After the article came out, all that changed. The 11-page spread in the magazine's October 2004 issue featured beautiful photographs and a gushing article about Christensen's food and Peel's wine list. People started flocking to the restaurant, and Christensen's career moved into high gear. In the early summer of this year, Enoteca Vin's owners decided that Christensen was so integral to what the restaurant had become, they made her a partner. Around the same time, Greg Hatem asked her to come on board to help him in his goal of redeveloping downtown Raleigh with his company, Empire. And then this summer, she got a call from the James Beard House in New York City, inviting her to come and cook on a Saturday night in October.

Being invited to cook at the James Beard House is considered one of the great honors that can be bestowed on an American chef. The James Beard Foundation, a nonprofit organization dedicated to promoting and encouraging culinary excellence, invites chefs to come cook at the house as a way to showcase what they consider the best of American culinary talent. While the restaurant is always considered to be worthy, the invitation often comes as a result of a public relations push from the restaurant. But not in the case of Enoteca Vin.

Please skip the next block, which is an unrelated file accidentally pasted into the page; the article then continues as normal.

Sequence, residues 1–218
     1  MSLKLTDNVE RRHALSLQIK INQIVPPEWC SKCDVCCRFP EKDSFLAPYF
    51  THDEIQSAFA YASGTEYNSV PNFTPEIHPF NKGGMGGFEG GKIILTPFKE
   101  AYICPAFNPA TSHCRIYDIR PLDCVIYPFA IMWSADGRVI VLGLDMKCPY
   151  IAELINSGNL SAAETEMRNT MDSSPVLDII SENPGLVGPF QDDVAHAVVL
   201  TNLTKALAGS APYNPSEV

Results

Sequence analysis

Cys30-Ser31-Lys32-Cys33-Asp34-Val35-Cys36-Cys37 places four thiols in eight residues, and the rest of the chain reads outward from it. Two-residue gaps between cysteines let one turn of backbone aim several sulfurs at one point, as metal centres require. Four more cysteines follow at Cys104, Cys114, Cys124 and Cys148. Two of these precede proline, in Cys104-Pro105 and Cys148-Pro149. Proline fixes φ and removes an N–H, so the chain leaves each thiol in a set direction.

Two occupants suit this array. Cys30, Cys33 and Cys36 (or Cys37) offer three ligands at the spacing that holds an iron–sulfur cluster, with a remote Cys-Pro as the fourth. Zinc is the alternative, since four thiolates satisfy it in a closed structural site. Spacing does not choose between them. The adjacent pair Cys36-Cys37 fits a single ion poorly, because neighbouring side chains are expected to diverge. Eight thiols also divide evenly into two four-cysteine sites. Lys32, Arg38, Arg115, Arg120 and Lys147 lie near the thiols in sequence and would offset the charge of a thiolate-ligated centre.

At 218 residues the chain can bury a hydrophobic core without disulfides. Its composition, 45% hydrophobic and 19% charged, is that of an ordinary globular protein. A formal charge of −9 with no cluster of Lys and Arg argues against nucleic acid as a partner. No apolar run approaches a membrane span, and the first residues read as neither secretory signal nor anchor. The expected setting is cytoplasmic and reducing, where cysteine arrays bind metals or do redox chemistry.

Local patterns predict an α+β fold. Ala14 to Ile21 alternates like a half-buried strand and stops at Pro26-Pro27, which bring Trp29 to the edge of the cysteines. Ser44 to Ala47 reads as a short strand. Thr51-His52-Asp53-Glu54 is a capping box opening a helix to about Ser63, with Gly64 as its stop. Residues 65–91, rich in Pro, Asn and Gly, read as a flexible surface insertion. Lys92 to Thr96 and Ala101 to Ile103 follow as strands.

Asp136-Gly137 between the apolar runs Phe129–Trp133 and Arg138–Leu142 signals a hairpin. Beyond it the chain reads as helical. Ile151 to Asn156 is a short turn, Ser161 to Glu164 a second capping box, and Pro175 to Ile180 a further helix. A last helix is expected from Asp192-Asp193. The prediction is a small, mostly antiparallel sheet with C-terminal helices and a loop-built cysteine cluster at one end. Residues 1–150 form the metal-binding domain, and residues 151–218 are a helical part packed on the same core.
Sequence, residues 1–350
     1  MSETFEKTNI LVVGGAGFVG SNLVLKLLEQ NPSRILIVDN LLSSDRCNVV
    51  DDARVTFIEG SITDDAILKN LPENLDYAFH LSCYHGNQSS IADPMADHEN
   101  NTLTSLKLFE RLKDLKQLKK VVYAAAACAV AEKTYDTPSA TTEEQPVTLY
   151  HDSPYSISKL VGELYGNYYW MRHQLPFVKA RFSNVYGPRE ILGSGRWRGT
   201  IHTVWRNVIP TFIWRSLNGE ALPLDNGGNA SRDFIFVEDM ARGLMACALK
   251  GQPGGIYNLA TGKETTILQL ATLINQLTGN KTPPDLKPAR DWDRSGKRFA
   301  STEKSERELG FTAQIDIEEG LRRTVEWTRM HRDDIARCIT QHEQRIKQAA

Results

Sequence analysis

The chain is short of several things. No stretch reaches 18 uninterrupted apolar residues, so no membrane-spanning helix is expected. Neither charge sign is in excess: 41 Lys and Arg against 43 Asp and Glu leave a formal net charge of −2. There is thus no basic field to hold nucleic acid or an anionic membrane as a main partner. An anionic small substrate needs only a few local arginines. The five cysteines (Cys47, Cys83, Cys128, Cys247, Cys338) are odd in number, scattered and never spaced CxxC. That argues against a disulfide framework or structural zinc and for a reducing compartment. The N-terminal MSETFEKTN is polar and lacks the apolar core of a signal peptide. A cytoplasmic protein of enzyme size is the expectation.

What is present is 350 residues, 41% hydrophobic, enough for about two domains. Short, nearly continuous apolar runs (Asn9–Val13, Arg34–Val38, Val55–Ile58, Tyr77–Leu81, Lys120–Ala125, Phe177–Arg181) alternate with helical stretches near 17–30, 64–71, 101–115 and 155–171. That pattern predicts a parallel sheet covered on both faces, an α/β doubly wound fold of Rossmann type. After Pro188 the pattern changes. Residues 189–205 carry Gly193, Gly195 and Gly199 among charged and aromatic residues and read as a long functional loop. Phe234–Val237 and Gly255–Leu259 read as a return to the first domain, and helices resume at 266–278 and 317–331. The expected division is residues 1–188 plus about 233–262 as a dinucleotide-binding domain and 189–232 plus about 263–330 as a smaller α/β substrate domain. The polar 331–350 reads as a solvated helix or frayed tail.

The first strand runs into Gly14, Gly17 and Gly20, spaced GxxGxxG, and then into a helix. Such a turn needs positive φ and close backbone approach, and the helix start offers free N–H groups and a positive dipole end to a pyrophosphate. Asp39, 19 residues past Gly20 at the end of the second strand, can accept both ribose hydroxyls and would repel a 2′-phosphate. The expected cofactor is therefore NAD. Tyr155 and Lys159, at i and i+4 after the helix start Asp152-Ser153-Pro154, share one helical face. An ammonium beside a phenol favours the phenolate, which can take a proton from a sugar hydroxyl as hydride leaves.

That is one of the most remarkable things about Christensen's journey over the past year. She has had no PR machine behind her and no fancy press kits going out to magazines and newspapers. Everyone who heard about Enoteca Vin did so through word of mouth or local press, including the woman who wrote the article for Food & Wine. When the article came out, there were a number of rumors going around in the restaurant community—none of them true—about how the article came to be. The one I heard had to do with Chrish Peel having some big-wig wine friend in New York who pulled some strings to get the article written. But the article's author, who was in the area for another reason, happened into Enoteca Vin on the advice of a friend. She was so impressed with the restaurant's wine, with its urban and welcoming feel, and especially with Christensen's food, that she went back to her editors and suggested a story. The Beard House invitation almost certainly came as a result of that story.